This concept arose during the Protestant Reformation, many denominations today support the use of the Bible as the only infallible source of Christian teaching. The Bible has been a massive influence on literature and history in the Western World, where the Gutenberg Bible was the first book printed using movable type. According to the March 2007 edition of Time, the Bible "has done more to shape literature, history and culture than any book written, its influence on world history is unparalleled, shows no signs of abating." With estimated total sales of over 5 billion copies, it is considered to be the most influential and best-selling book of all time. As of the 2000s, it sells 100 million copies annually; the English word Bible is from the Latin biblia, from the same word in Medieval Latin and Late Latin and from Koinē Greek: τὰ βιβλία, translit. Ta biblia "the books". Medieval Latin biblia is short for biblia sacra "holy book", while biblia in Greek and Late Latin is neuter plural, it came to be regarded as a feminine singular noun in medieval Latin, so the word was loaned as a singular into the vernaculars of Western Europe.
Latin biblia sacra "holy books" translates Greek τὰ βιβλία τὰ ἅγια tà biblía tà ágia, "the holy books". The word βιβλίον itself had the literal meaning of "paper" or "scroll" and came to be used as the ordinary word for "book", it is the diminutive of βύβλος byblos, "Egyptian papyrus" so called from the name of the Phoenician sea port Byblos from whence Egyptian papyrus was exported to Greece. The Greek ta biblia was "an expression. Christian use of the term can be traced to c. 223 CE. The biblical scholar F. F. Bruce notes that Chrysostom appears to be the first writer to use the Greek phrase ta biblia to describe both the Old and New Testaments together. By the 2nd century BCE, Jewish groups began calling the books of the Bible the "scriptures" and they referred to them as "holy", or in Hebrew כִּתְבֵי הַקֹּדֶשׁ, Christians now call the Old and New Testaments of the Christian Bible "The Holy Bible" or "the Holy Scriptures"; the Bible was divided into chapters in the 13th century by Stephen Langton and it was divided into verses in the 16th century by French printer Robert Estienne and is now cited by book and verse.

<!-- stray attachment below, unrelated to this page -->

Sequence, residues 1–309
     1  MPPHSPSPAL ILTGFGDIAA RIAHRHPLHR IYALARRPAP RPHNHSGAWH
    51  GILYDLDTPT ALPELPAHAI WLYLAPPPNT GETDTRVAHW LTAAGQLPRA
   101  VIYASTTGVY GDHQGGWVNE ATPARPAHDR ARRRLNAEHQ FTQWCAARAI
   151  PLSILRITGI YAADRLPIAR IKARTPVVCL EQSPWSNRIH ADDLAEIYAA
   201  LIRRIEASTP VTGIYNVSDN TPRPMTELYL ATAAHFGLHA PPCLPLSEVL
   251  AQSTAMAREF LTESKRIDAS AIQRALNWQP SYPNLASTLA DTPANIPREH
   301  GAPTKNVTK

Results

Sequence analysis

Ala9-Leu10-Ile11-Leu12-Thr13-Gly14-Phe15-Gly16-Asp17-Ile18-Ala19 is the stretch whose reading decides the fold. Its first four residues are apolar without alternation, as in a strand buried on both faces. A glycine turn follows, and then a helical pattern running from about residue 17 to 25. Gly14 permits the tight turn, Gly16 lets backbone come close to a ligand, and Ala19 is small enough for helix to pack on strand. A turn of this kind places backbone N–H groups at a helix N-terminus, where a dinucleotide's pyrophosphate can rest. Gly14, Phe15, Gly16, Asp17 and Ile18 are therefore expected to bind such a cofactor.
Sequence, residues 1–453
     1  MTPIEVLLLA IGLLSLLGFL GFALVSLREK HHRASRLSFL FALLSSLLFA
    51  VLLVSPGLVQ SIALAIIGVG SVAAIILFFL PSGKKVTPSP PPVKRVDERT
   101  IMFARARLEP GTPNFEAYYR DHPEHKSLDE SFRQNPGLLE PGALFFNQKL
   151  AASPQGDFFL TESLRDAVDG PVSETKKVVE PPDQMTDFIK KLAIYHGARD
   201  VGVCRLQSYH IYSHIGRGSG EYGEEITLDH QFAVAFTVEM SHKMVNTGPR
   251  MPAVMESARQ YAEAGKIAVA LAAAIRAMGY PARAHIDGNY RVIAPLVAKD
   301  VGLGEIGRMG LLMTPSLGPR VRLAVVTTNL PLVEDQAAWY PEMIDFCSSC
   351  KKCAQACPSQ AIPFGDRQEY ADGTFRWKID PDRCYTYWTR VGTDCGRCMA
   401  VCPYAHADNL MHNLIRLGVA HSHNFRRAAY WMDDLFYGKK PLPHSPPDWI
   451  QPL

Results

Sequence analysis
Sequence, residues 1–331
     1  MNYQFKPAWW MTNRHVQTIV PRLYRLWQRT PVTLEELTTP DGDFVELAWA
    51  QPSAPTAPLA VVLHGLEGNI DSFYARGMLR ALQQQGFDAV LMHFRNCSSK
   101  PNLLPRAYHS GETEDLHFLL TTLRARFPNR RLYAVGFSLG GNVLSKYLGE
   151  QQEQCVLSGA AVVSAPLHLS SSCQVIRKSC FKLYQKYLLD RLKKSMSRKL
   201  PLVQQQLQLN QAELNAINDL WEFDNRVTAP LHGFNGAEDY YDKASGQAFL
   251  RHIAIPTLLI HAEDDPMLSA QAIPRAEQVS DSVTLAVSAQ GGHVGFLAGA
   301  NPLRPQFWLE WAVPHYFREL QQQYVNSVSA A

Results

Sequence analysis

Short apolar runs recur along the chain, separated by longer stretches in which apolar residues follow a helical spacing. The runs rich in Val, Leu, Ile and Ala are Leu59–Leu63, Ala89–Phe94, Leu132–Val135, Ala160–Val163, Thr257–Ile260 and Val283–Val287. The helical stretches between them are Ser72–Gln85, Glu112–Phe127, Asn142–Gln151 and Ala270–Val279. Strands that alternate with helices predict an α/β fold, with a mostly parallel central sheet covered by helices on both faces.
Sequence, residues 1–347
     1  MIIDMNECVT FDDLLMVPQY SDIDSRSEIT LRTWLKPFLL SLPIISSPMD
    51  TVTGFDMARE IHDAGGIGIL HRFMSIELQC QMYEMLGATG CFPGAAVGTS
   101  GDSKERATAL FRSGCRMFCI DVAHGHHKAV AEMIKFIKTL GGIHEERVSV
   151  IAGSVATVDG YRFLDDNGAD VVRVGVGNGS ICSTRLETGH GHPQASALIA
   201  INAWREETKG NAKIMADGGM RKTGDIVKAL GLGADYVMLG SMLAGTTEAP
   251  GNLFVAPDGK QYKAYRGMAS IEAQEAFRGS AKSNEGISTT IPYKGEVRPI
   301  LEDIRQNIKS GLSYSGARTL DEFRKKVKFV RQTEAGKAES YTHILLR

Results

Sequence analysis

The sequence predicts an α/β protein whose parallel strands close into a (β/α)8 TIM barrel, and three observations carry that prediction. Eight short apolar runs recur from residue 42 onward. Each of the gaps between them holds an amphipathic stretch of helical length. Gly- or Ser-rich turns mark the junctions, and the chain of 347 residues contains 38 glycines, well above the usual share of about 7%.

The division of the Hebrew Bible into verses is based on the sof passuk cantillation mark used by the 10th-century Masoretes to record the verse divisions used in earlier oral traditions. The oldest extant copy of a complete Bible is an early 4th-century parchment book preserved in the Vatican Library, it is known as the Codex Vaticanus; the oldest copy of the Tanakh in Hebrew and Aramaic dates from the 10th century CE. The oldest copy of a complete Latin Bible is the Codex Amiatinus. Professor John K. Riches, Professor of Divinity and Biblical Criticism at the University of Glasgow, says that "the biblical texts themselves are the result of a creative dialogue between ancient traditions and different communities through the ages", "the biblical texts were produced over a period in which the living conditions of the writers – political, cultural and ecological – varied enormously". Timothy H. Lim, a professor of Hebrew Bible and Second Temple Judaism at the University of Edinburgh, says that the Old Testament is "a collection of authoritative texts of divine origin that went through a human process of writing and editing."
He states that it is not a magical book, nor was it written by God and passed to mankind. Parallel to the solidification of the Hebrew canon, only the Torah first and the Tanakh began to be translated into Greek and expanded, now referred to as the Septuagint or the Greek Old Testament. In Christian Bibles, the New Testament Gospels were derived from oral traditions in the second half of the first century CE. Riches says that: Scholars have attempted to reconstruct something of the history of the oral traditions behind the Gospels, but the results have not been too encouraging; the period of transmission is short: less than 40 years passed between the death of Jesus and the writing of Mark's Gospel. This means that there was little time for oral trad